If you have tips of your own to share, get in touch with us at slc-incommon-blog@sfu.ca 

Come OUT! and Write with us…

Published June 4, 2020 by Julia Lane
Sharpen your pencils and your writing skills with write OUT -- a joint SLC/OOC writing initiative.

SLC Graduate Writing Facilitator Kate E. invites folks to join her for the Write OUT program -- a joint initiative of the Student Learning Commons and Out On Campus. 

Summer WriteOUT! sessions will include tips and tricks for:

  • Time Management (June 8th)
  • Writing Logically and Cohesively (June 15th)
  • Offering and Receiving Feedback (June 22nd)
  • Writing for Different Audiences (June 29th)
  • Making your Writing Interesting (July 6th)
  • Writing in English as an Additional Language (July 13th)
  • Respecting Writing in Different Disciplines (July 20th)
  • Descriptive and Creative Writing (July 26th)

All sessions are 11-1pm on Mondays. 

Welcome to the summer semester! A few housekeeping reminders...

Published June 2, 2020 by Julia Lane
It's that time of year again... check out our friendly housekeeping items to get started on the right foot!

By Daniel Chang

PhD candidate and SLC Writing Consultant Daniel Chang welcomes you to the summer 2020 semester and offers some important reminders for how to get the most out of this term.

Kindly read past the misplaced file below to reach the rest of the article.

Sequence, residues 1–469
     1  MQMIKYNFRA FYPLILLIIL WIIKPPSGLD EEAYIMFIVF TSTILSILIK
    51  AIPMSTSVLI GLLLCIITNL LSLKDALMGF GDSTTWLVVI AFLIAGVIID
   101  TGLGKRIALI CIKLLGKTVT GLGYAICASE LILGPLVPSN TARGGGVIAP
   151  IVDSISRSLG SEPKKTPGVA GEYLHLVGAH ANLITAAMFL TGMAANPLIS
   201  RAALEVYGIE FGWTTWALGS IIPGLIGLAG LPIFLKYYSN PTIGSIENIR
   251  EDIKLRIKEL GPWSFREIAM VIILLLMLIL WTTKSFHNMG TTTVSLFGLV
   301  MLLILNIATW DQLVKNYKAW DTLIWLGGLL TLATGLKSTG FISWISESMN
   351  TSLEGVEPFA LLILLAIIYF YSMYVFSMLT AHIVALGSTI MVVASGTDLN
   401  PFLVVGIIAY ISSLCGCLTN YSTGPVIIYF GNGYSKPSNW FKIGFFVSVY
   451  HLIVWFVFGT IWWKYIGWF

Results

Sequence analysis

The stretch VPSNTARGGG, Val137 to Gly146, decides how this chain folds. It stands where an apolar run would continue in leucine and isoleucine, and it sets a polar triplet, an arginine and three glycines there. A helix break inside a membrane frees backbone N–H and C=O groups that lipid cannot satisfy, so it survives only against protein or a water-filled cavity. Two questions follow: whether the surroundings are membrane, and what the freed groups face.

Flowery Language: Does it really make your writing more beautiful?

Published May 19, 2020 by Julia Lane
Time to stop and smell the flowers... and to ask ourselves whether flowery language is really improving our academic writing

Former Writing and Learning Peer Deeya B. returns with another post to help you do well in your writing courses this semester. 

In this post, Deeya debunks myths about "flowery language' and the value of such language in academic writing. 

As Deeya explains, flowery language occurs when elaborate words are substituted for simple ones and longer sentences are used to try to convey multiple ideas. However, flowery language often backfires and makes students sound less confident in their understanding of a subject.

In this post, Deeya will explain more about what flowery language is, why students choose to use it, and why it often has the reverse of the intended outcome.